Lori Ostlund (Fiction)

Lori Ostlund's first collection of stories, The Bigness of the World (University of Georgia Press, fall 2009), won the 2008 Flannery O’Connor Award for Short Fiction. She has a B.A. from Minnesota State University Moorhead and an M.A. in English from the University of New Mexico. Her stories have appeared in the New England Review, Bellingham Review, The Georgia Review, and The Kenyon Review. Ms. Ostlund plans to take significant time off from teaching in the next year to complete a draft of her first novel and finish her second short story collection. “My novel, After the Parade, traces the life of Aaron Englund from small-town Minnesota to San Francisco as he deals with the unexpected death of his father, his mother’s breakdown and eventual abandonment of him, and his long-term relationship with an older man and his growing need to leave him. Along the way, he is drawn to a host of eccentric characters who find in him an interested and sympathetic audience.” Ms. Ostlund lives in San Francisco and teaches developmental English and creative writing at The Art Institute of California.

Helen Phillips (Fiction)

Helen Phillips received her B.A. from Yale University in 2004 and her M.F.A. from Brooklyn College in 2007, where she is an adjunct lecturer and administrator in the creative writing program. She is the recipient of the 2008 Italo Calvino Prize for Fabulist Fiction, the 2009 Meridian Editor’s Award, and a Ucross Foundation residency. Her work has appeared in Salt Hill Journal, The Mississippi Review, and Faultline, and will be included in American Fiction: The Best Unpublished Short Stories by Emerging Writers (2010). And Yet They Were Happy, which she describes as “a book composed of 175 one-page linked stories that hovers somewhere between fable and fiction, poetry and myth, autobiography and fairy tale,” will be published by Leapfrog Press in 2011. She will use her Writer's Award to take time off from teaching for a full year so she can devote herself to working on a collection of short stories and a novel, The Beautiful Bureaucrat, about a woman who starts to see mystical patterns in the databases she works with every day. Ms. Phillips lives in Brooklyn, New York.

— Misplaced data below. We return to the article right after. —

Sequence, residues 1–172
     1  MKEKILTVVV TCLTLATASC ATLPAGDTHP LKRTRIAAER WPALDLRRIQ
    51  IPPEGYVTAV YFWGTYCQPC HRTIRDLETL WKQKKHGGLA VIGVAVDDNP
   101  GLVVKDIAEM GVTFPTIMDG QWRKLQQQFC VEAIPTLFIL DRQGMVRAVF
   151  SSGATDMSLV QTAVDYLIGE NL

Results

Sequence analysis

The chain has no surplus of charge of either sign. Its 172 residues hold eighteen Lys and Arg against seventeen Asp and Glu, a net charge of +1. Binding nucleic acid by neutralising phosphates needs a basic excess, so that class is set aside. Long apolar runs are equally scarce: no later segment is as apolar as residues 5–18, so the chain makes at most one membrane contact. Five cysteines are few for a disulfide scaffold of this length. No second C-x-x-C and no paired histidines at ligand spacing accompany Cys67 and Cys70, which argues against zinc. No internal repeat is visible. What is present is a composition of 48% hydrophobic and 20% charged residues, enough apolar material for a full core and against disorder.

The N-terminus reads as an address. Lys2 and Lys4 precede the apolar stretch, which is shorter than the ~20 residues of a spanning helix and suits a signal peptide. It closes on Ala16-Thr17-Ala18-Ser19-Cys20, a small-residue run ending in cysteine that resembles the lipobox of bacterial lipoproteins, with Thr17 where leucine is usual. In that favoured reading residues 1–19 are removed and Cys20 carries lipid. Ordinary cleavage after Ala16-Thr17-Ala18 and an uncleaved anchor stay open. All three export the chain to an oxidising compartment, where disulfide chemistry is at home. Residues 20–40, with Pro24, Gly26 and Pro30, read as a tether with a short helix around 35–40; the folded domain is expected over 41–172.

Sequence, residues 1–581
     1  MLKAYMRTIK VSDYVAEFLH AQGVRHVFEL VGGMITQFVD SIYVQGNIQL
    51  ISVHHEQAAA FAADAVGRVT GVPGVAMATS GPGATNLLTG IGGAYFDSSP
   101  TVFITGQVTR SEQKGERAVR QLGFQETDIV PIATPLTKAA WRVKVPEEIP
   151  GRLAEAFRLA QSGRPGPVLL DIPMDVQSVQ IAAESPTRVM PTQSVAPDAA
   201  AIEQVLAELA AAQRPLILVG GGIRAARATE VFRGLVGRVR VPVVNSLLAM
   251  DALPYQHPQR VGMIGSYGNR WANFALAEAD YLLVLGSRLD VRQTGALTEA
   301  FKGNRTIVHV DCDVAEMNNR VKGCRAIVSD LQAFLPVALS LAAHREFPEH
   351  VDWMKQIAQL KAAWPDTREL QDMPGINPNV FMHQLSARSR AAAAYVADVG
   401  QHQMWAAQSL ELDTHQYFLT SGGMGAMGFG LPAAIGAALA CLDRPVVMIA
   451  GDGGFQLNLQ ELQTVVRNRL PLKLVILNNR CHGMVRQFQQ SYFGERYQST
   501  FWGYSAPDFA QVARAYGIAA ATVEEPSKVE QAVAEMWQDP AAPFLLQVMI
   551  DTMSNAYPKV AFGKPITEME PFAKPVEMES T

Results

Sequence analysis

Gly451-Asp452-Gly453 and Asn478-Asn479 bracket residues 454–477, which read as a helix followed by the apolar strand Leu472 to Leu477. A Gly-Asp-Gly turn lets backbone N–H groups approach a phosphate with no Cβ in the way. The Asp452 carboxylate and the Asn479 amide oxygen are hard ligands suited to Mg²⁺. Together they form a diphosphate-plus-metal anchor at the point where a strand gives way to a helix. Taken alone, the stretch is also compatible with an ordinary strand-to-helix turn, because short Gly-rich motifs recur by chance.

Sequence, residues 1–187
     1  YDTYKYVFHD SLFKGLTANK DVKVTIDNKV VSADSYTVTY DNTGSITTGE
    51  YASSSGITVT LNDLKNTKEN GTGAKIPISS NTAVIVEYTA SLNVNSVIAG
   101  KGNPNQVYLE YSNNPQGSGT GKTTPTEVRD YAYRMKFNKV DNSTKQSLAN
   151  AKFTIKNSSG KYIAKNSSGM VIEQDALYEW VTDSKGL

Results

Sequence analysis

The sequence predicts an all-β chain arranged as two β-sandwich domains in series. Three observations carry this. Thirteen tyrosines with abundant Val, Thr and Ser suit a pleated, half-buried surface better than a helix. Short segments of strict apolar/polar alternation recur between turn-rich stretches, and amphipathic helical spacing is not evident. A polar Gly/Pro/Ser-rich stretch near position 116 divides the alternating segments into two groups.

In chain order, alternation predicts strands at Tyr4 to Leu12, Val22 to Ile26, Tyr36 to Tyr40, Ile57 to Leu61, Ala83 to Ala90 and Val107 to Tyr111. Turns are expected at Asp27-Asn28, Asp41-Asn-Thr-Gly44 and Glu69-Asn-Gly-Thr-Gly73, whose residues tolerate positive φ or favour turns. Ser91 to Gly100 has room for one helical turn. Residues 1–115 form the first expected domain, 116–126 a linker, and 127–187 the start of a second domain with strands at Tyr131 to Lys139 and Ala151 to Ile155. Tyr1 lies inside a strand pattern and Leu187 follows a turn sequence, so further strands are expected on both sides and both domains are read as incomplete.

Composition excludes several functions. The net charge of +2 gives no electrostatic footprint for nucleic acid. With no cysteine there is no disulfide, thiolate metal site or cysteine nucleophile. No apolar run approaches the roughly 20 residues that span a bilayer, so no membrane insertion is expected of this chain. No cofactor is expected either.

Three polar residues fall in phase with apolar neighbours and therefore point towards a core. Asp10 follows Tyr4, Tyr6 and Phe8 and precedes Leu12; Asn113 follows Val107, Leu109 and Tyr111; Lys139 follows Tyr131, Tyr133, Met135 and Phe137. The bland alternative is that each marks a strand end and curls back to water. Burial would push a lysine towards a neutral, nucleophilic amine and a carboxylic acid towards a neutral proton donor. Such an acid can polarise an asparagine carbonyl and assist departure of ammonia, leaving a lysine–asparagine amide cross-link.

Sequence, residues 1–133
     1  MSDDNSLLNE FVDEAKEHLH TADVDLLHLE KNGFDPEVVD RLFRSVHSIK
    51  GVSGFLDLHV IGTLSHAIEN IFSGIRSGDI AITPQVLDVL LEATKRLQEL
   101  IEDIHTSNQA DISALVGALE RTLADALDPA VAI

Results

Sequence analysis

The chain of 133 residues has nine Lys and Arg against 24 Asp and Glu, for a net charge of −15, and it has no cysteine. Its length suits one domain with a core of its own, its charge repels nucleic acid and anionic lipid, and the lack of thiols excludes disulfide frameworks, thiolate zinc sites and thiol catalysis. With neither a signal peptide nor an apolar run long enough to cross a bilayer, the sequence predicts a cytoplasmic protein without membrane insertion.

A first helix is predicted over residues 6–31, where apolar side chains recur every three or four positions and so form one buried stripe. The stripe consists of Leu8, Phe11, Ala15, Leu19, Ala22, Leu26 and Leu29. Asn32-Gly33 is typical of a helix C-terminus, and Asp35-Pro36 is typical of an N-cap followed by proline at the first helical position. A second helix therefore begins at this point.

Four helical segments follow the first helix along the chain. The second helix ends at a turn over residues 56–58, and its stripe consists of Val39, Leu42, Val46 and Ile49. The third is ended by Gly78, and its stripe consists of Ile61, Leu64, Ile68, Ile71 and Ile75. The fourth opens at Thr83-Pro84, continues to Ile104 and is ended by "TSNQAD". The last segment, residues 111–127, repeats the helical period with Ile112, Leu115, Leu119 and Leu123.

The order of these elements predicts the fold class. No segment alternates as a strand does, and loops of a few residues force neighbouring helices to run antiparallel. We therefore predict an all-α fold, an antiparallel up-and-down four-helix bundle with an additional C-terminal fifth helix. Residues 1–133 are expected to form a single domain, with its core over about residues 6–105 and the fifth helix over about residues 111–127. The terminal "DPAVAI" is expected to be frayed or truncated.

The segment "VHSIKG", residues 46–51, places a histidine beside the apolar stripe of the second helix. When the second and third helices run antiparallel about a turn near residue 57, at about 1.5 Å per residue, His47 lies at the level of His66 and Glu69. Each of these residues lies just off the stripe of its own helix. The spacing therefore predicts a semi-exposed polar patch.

Heidy Steidlymayer (Poetry)

Heidy Steidlmayer lives in Vacaville, California, and has recently completed her first manuscript of poems entitled Fowling Piece. Her nominator says, “Heidy uses language with great precision and with a compelling and uncompromising music. Somehow she manages both to compress and to expand language at the same time so that although a poem might be only thirty-five words long, it seems to resonate with great force through your next few hours. She's brilliant, unconventional, fierce.” Her poems have appeared in Poetry, Ploughshares, and Triquarterly, and she received the 2007 J. Howard and Barbara M.J. Wood Prize from Poetry magazine. She received her B.A. from Northwestern University and her M.F.A. from Warren Wilson College. Her Writer’s Award will allow her to focus on her second collection of poems, Gloss. She says of her project, “These poems grow from my passion for etymology and for roots so deep in time that their recovery to poetry is itself a gloss, but in poetry’s language which both provides and defeats explanation.”